Indicorps Fellow Vevake Prasad shares his experience of working in India on the Indicorps public service fellowship.
These days, it seems, more than a few of us are worked up over 'change'.
As the national debate continues to swing back and forth on every possible angle regarding change, we are relearning a lesson we probably already knew -- change is slow, and at best, difficult. Over the last few years, I too, have become infatuated with the idea of change. In search of change, I found my way to rural Rajasthan, India, this past August for a year-long fellowship in service and development. I came with hopes of making an impact on rural unemployment, and in the process, making some inner changes as well. I've worked on both fronts at a furious pace with passion and dedication. The results, though, are yet to come in, and are likely to remain elusive during the duration of my fellowship.
If results manifest themselves, it'll probably be long after I've left. It's an incredibly exciting proposition on one hand, and an incredibly frustrating one on the other. For those of us in pursuit of change, it seems like we're doomed to a lifetime of frustration, unless we can find a way to deal with it.
So how do we sweat it out? How do we cope with the pace of change? It turns out that we don't have to. There is an alternative to coping with the pace of change, a surefire way to foster almost instantaneous change. It's not too good to be true, but it will require you to put away any skepticism and embrace it with an open mind.
In August of this year, before embarking for our project sites, me and the 26 other Indicorps Fellows met an incredible man named Jayeshbhai, the leader of a Gandhian NGO called Manav Sadhna in Ahmedabad, India. During his talk, Jayeshbhai challenged us to follow the principle of always coming from a place of genuine love when interacting with others. It's easy to be skeptical or dismissive of cheesy maxims like this, but Jayeshbhai's absolute practice of the ideal makes you realise its power.
When he speaks to you, you become absolutely paralysed by the pure, unadulterated love in the air. You can't stop grinning from ear to ear. Inspired by Jayeshbhai, I decided to try and implement the principle in my daily life. Over time, however, I found myself failing miserably, with less-than-loving thoughts often getting the better of me. I became skeptical, thinking that "coming from a place of love" was a nice way to treat people, but impractical as a strategy in bringing about meaningful change.
A few weeks ago, I was in Ahmedabad again. While there, I participated in an activity in which we were to go out into the city and convince sellers at roadside stalls to quit using plastic bags. I didn't think that the men manning those stalls -- who are at times treated rudely, robbed, work hard but barely make enough money to scrape by -- would react warmly to a random outsider asking them to change how they run their business. It seemed like the perfect chance to test the idea and to redeem myself -- to give a really genuine try at having my head, heart, and hand (as Jayeshbhai says) aligned in the spirit of love, and to see what happens.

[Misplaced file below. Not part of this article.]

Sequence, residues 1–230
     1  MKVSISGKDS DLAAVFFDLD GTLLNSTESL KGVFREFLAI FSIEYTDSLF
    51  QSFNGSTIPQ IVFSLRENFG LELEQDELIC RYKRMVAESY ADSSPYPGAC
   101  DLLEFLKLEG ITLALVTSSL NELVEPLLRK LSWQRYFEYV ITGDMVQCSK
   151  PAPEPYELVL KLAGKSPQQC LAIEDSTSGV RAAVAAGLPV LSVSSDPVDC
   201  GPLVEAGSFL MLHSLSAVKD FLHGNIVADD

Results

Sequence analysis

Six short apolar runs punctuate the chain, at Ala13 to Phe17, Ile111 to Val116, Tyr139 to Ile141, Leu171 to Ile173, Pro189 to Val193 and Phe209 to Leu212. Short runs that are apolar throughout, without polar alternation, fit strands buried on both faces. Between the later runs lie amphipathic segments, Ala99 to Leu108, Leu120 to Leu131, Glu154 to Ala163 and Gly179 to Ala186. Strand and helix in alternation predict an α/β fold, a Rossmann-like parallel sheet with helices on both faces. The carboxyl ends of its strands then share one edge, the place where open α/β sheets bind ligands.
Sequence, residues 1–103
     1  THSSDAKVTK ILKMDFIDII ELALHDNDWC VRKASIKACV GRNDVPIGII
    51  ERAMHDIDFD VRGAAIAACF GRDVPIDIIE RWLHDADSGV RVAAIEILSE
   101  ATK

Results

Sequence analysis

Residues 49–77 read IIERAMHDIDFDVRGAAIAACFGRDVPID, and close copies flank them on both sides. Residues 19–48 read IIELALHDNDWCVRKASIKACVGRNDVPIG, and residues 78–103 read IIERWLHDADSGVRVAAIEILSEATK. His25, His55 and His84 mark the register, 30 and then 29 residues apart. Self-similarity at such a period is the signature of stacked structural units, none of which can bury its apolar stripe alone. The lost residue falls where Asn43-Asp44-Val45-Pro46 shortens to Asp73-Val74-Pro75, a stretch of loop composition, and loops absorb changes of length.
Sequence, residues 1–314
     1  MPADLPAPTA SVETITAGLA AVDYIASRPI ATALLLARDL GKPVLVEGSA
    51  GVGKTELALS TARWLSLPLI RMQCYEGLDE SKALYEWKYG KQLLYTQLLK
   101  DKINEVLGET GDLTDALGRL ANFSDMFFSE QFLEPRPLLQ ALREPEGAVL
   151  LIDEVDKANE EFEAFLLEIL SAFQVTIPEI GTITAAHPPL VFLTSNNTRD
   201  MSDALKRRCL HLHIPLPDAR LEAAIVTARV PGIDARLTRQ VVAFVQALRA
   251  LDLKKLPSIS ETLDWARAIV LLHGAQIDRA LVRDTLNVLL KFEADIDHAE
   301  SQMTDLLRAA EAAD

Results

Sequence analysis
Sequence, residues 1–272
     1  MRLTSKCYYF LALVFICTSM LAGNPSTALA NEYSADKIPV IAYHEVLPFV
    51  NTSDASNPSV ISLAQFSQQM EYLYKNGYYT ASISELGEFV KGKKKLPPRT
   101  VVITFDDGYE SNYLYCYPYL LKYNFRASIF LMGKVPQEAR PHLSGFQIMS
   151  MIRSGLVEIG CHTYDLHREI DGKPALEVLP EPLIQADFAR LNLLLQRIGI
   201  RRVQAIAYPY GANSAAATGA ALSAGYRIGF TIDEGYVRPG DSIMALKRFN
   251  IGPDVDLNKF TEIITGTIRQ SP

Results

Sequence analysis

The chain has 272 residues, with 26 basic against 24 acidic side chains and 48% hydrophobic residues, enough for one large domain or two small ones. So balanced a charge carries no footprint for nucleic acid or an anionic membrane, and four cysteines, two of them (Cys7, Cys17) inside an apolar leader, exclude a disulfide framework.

As I walked out onto Ashram Road, I tried to imagine the lives of the men I was about to approach. I tried to come from a place of understanding, remembering that if they responded guardedly, skeptically or negatively, there would be perfectly good reasons behind it. And so I went for it. I approached each man one by one, with humility, as if he was my older brother. I walked to each stall with a friendly smile, greeting the men respectfully, introducing myself and asking for their name. I insisted on standing if they asked me to sit, and I sat on the street below them if they were sitting. Most were stunned. One asked me, "Are you some kind of Gandhi?" I laughed at the ridiculousness of the question, and asked him if he knew the problems associated with plastic bags, explaining why I was there.
I asked the men if they would accept my pyaar bhari tofa (love filled gift) of a few bags I had made out of newspaper, and hand them out to customers instead of plastic bags. I told them it would mean the world to me, and I meant it. Every single person I spoke to pledged to no longer hand out plastic bags unless a customer demanded one, and agreed to use the newspaper. A few of the men even invited me to their homes for dinner.
More than anything that day, I feel as though I made friends. Two hours later, a colleague of mine was walking down the same street, and overheard some of the men I had spoken to calmly explaining to customers why they wouldn't hand out plastic bags anymore.
This was change.
If you're fed up with the pace of change -- here's your chance to challenge it. It's not easy, but all you have to do is wholeheartedly come from a place of love in your interactions with others. You might be skeptical today, but if you try it tomorrow, you might just become a change-maker forever.
Born and raised in New Jersey, Vevake recently graduated from Carnegie Mellon University with a double major in Policy & Management and Political Science. He is now fulfilling long-held dreams to spend time in India doing service and development related work and becoming a cricketer.